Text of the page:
White Sox trades address needs as clock ticks toward deadline

·5 min read

Sox address needs with trades as clock ticks toward deadline originally appeared on NBC Sports Chicago

The Chicago White Sox needed some bullpen help. They needed someone to play second base.

After a couple of deals Thursday, check and check.

Did it make for the splashiest of trade deadlines? No, but the trade deadline hasn't arrived yet and Rick Hahn's work won't be officially able to be judged until after 3 p.m. Friday.

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But for a team welcoming back some middle-of-the-order bats who figure to provide a big-time boost to an offense that's mustered just 17 runs in the last eight games, addressing these needs were the most important items on Hahn's to-do list this week.

Eloy Jiménez, Luis Robert and Yasmani Grandal are all back, on their way back or expected back before the end of the regular season, and together they represent a midsummer haul better than any that could be assembled across Major League Baseball at this time of year. Their returns are not to excuse the front office from working to address the roster's needs, but they will make an incredible difference for a team that's established itself as a World Series contender without them.

And meanwhile, Hahn has gone to work addressing those aforementioned needs.

Nick Madrigal is the lone injured White Sox star who won't be making his return in 2021, meaning a replacement was needed. Hahn called up the division-rival Cleveland Indians and needed to part with only a Double-A pitcher to get César Hernández, a nine-year veteran who plays Gold Glove defense and has hit 18 home runs already this season.

Hernández figures to be the team's primary second baseman from here on out, allowing Leury García to return to his expected role as utility man off the bench.

"I think César fits our needs real well," White Sox manager Tony La Russa said after Thursday's game. "He's having a good year, and (we) love what he can do from both sides of the plate. He's got good athleticism.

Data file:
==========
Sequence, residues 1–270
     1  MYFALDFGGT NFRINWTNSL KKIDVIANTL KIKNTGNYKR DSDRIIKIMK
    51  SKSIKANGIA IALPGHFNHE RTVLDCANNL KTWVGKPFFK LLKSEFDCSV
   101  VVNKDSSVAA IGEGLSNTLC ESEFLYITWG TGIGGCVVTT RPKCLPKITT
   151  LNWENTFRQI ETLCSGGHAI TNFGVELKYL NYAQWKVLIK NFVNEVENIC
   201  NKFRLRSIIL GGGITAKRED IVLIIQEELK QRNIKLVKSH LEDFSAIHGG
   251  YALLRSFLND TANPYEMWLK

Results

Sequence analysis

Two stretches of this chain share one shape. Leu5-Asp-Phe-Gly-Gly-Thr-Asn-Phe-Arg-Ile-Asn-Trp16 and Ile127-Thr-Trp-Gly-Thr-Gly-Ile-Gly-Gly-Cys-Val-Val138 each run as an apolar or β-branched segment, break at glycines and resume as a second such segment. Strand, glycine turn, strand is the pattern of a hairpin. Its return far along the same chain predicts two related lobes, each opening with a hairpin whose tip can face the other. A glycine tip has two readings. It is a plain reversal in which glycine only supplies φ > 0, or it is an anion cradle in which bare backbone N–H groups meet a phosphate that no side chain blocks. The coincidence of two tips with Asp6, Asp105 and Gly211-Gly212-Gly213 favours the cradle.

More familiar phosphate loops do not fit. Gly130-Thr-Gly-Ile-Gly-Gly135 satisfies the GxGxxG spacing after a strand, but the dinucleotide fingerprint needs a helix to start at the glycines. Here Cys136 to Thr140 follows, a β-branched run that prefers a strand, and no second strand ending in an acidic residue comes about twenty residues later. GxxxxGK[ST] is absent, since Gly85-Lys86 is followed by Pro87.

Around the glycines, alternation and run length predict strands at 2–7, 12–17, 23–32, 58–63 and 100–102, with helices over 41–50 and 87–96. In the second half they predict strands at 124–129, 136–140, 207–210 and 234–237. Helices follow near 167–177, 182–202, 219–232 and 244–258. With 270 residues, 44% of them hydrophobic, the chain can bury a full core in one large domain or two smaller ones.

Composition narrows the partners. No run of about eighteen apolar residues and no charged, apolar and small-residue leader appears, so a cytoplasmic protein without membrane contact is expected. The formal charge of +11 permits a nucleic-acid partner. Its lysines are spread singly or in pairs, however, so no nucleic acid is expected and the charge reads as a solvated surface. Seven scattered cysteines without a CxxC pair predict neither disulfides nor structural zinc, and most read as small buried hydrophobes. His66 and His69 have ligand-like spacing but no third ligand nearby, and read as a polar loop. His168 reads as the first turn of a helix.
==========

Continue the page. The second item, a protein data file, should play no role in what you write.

"That frees up Leury to play wherever we need him, so I definitely think César will get a lot of playing time at second. Leury is so valuable at all the positions, so he'll get his at-bats, as well."

Even with a starter missing and not scheduled to return on the infield, however, there was no bigger need than in the bullpen, where a talented group of arms has failed to live up to sky-high preseason expectations. Enter Ryan Tepera, acquired in the first trade with the Cubs since the deal that brought Jiménez and Dylan Cease to the South Side in 2017.

Tepera's got a career-best 2.91 ERA a season after erroneously placing in the National League MVP vote. He gives the White Sox what they needed most: a dependable pitcher to call on to help bridge the gap between what's been one of baseball's best starting staffs and one of its best closers.

That doesn't mean Tepera will become the White Sox primary setup man upon making the trip down Lake Shore Drive on Friday. La Russa said he'll be added to the bullpen mix and help stem the blow created by Evan Marshall's injury. Still, with everyone besides Liam Hendriks and Michael Kopech failing to achieve season-long consistency this season, it's easy to see Tepera playing that kind of role.

"Tepera, he's got experience, he can fill out different roles. Depth is always good in the bullpen," La Russa said. "He just fits into our depth.

"Evan Marshall's so critical for us, and we need to replace Marshall. (Tepera) fits there (in the late innings), but we'll see what we've got when he gets here. ... The bullpen has to be ready. If you're Codi (Heuer) or Garrett (Crochet), you may pitch in the fifth or the sixth or the eighth. Have to watch the game. (Tepera) will fit in the same category."

So what's left for Hahn to do?

Given the inconsistencies in the relief corps, it wouldn't shock to see more augmentation of the bullpen. The White Sox were tied to several other names just Thursday — MLB Network's Jon Morosi mentioning Richard Rodríguez of the Pittsburgh Pirates and Paul Fry of the Baltimore Orioles in a tweet — and could certainly continue shopping for relief help up until the deadline.

Surely, plenty will look to an ugly offensive performance Thursday and what's been a mostly sorry stretch in the run-scoring department of late that's resulted in back-to-back series losses to the Milwaukee Brewers and Kansas City Royals, pleading for another bat to join the White Sox lineup.

Thursday, of course, was particularly painful, with Jiménez out of the lineup after leaving Wednesday's game with a tight groin, José Abreu sidelined by a stiff neck and Tim Anderson the recipient of a regularly scheduled day off. But given the offensive production of late, even when those three have been in the lineup, any cries for a trade for another hitter were probably happening prior to the series finale in Missouri.

Whether one happens or not remains to be seen, of course. The truth is that the White Sox have just gotten Jiménez back, with Robert and Grandal not far behind, three additions that will dramatically reshape the offense in the coming weeks. After all three are once more entrenched at their respective positions, there won't be many holes in the lineup, particularly with Andrew Vaughn, Gavin Sheets and Adam Engel playing well enough to cover the corner-outfield spots.

But in vowing an aggressive approach at the deadline, Hahn sought not to waste what he called a "sacred" chance to win the World Series. And as has been his stated operating procedure in the past, it's likely no route is being completely ruled out.

Two needs have been addressed. We'll see what else the White Sox front office has in store in the coming hours. Stay tuned.

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